Quantifying Labor & Gamifying Leisure for my Qualifying Exam Preparation
I continued this practice of quantifying labor during my year of qualifying exam prep at Berkeley from Fall 2015 to Spring 2016. In the field of history, the qualifying exam is an intense (to say the least) oral examination, where a committee of five professors ask me questions about hundreds of books I have been assigned to read. Each of the professors and their book list represents a collaborative defined ‘research field.’ Mine comprised of the following research fields:
- “Southeast Asia- Print, Culture, Colonial History, and Memory”
- “Systems of Knowledge – Agents and Institutions of Colonial Knowledge”
- “Systems of Knowledge – History of Information and Classification”
- “Digital Humanities & Data Science”
An Aside: My Exam Committee and Performing Knowledge
Throughout the Fall 2015 I met with professors and discussed my qualifying exams, expectations, and reading lists. These series of meetings set the tone for my actual exam day and gave me insight into the types of questions and books I should focus on as I prepared. The biggest takeaway from these meetings and the composition of my final exam committee was this: intellectual and personal compatibility. How compatible were these professors with my research? Did these professors actually care about my work and listen? Did they make time to meet with me? Did they ultimately want me to succeed?
I was privileged to have a supportive, honest, and encouraging committee who was real about the exam. Through open communication with my committee, I knew that the exam was an exercise in intellectual self-discipline as well as the ultimate performance of knowledge. My committee discussed what the exam meant for my career as a future academic such as cultivation of skills like public speaking, commanding an audience, and self-confident declarative statements. The exam was not about knowing the answer to a question, but the level of poise and confidence I could communicate an answer—any answer that gestured toward the question.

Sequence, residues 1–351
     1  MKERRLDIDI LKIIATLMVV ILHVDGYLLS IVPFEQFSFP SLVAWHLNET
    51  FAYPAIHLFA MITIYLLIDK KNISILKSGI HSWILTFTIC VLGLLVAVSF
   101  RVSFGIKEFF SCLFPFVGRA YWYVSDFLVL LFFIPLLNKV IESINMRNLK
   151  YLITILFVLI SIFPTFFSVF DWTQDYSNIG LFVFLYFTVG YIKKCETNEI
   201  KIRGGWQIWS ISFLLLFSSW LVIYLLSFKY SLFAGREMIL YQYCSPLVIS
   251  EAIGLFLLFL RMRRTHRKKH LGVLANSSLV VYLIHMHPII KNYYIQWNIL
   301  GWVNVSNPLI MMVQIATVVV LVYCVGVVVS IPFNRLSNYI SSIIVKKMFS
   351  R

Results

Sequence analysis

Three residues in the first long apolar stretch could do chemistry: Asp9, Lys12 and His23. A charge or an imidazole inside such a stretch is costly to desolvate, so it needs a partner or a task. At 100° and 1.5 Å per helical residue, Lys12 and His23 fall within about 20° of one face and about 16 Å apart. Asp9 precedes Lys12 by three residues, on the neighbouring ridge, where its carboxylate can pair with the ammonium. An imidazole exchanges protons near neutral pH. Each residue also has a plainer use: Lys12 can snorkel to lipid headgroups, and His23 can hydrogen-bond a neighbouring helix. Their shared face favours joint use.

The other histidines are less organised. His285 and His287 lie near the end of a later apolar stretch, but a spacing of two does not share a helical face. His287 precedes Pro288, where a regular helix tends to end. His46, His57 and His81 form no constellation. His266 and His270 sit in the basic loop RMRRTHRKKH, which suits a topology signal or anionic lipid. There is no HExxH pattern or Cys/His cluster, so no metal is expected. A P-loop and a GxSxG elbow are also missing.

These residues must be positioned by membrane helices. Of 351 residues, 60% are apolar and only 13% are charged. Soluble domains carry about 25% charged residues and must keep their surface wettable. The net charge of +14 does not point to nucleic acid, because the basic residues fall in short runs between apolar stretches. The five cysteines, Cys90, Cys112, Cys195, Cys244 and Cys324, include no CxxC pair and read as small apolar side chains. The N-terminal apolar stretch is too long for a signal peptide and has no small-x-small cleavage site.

By Spring 2016 I could no longer talk abstractly about the impending qualifying exams scheduled for Friday the 13th of May. I could no longer dwell in angst and anxiety on the length of my 300-400 book reading list, the impossibility of reading and remembering everything, and the hierarchical performance of knowledge and power of the exam itself.
I’m a concept, structure, and direction-based person (I’m an INTJ for your Meyers-Briggs lovers out there). I needed to know I was making some progress, and I needed to be reminded what I was doing and why. Thus, the idea of 6 months of ‘reading’ needed to be parsed out and made meaningful.
Breaking Down 6 Months of Reading
I used Google Sheets/Excel to break down the 6 months into weeks. I made my own deadlines of which lists, list sections, and meetings with my committee members I should finish, and I noted key questions and books that came up during those meetings. I wrote summaries after each meeting, notecards with answers to key questions, and most importantly asked fellow graduate students and other professors for advice on how to prepare and organize my time.